Britain questions Sarkozy’s proposal for sovereign funds
British Business Secretary is not quite sure if the sovereign wealth funds in Europe will help boost the economy.
5 November 2008
DUBAI - British Business Secretary Lord Peter Mandelson raised questions on Tuesday about French President Nicolas Sarkozy's proposal to create sovereign wealth funds in Europe to support industry during the financial crisis.
"I'm not quite sure what the purpose of those (SWFs) is. If it's to lead investments by Europe abroad, then I can see the case. I'm not sure I would regard it as overwhelming," Mandelson told reporters in Dubai at the end of a Gulf tour with British Prime Minister Gordon Brown.
"If, on the other hand, the point of such a wealth fund is to defend European companies and frustrate investment by others in those, I'm not sure that there is a need for that," said Mandelson, a former EU commissioner.
"But it's really up to President Sarkozy to define what he means by that," he added.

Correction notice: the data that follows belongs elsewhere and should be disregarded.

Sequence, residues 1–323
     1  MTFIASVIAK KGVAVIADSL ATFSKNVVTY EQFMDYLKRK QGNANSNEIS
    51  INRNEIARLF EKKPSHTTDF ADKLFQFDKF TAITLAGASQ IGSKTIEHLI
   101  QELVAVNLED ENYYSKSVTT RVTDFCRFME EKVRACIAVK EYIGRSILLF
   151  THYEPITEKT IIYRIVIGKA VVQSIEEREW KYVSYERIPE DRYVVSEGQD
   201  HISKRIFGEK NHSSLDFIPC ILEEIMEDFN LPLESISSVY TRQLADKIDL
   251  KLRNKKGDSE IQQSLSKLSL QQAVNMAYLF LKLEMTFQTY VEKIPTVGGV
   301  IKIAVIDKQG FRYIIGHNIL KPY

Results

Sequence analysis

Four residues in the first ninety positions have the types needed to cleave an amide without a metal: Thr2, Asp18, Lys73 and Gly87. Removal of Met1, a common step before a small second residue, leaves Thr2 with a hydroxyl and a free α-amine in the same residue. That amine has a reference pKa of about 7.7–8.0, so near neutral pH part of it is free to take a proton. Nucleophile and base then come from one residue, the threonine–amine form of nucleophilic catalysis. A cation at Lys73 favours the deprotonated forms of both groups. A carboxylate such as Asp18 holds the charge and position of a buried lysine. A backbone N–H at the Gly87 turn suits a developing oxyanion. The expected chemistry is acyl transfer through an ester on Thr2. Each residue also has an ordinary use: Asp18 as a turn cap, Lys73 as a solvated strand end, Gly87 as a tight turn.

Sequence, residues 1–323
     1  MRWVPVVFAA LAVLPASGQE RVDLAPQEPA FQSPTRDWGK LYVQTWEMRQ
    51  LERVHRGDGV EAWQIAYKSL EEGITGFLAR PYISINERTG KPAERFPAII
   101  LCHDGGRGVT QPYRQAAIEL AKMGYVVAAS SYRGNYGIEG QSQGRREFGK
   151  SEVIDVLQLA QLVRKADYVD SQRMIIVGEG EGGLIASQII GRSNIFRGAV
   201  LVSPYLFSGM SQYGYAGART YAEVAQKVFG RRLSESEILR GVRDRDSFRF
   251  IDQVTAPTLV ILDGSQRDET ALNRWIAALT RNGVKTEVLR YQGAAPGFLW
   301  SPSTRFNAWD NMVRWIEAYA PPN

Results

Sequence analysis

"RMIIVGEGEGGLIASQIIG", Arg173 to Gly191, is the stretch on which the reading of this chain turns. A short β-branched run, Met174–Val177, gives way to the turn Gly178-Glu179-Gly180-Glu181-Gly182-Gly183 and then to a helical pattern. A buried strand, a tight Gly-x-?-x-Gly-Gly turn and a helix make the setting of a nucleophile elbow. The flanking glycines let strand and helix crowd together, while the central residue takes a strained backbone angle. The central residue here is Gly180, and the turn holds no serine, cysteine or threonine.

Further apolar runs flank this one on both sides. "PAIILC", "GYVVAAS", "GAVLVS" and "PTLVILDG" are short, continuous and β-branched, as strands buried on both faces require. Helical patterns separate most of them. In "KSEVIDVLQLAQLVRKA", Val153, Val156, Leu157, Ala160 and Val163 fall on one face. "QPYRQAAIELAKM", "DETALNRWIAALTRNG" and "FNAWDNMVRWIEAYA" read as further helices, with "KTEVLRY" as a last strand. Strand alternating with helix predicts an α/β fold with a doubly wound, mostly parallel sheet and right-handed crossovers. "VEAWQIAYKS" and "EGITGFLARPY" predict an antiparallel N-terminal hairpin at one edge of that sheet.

Sarkozy, whose country holds the European Union's rotating presidency, told members of the European Parliament in October: "I'm asking that we think about the possibility of creating, each one of us, sovereign funds and that perhaps they could be coordinated to provide an industrial response to the crisis."
Sovereign wealth funds are investment vehicles typically controlled by hydrocarbon-rich countries like Russia or Gulf nations with trillions of dollars at their disposal ready to invest abroad.
The funds, which are generally defined as state-controlled investment vehicles, have been around since the early 1950s but their ranks have swollen in recent years.
However, their rise has been accompanied by fears in some European countries and Washington that the governments controlling sovereign wealth funds could use them to advance their own political and strategic aims.
"I am well aware of disagreements among certain countries" on this subject, Sarkozy said, "but I cannot imagine being told that a united European response was needed for the financial crisis, but not for the economic crisis."
[AFP / Expatica]